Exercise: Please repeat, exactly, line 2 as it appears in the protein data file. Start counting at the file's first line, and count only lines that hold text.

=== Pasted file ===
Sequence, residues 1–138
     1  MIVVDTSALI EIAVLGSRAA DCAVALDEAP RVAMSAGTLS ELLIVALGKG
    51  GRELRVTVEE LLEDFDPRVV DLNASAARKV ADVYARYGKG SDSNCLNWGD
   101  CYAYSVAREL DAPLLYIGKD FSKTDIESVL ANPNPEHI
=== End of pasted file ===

     1  MIVVDTSALI EIAVLGSRAA DCAVALDEAP RVAMSAGTLS ELLIVALGKG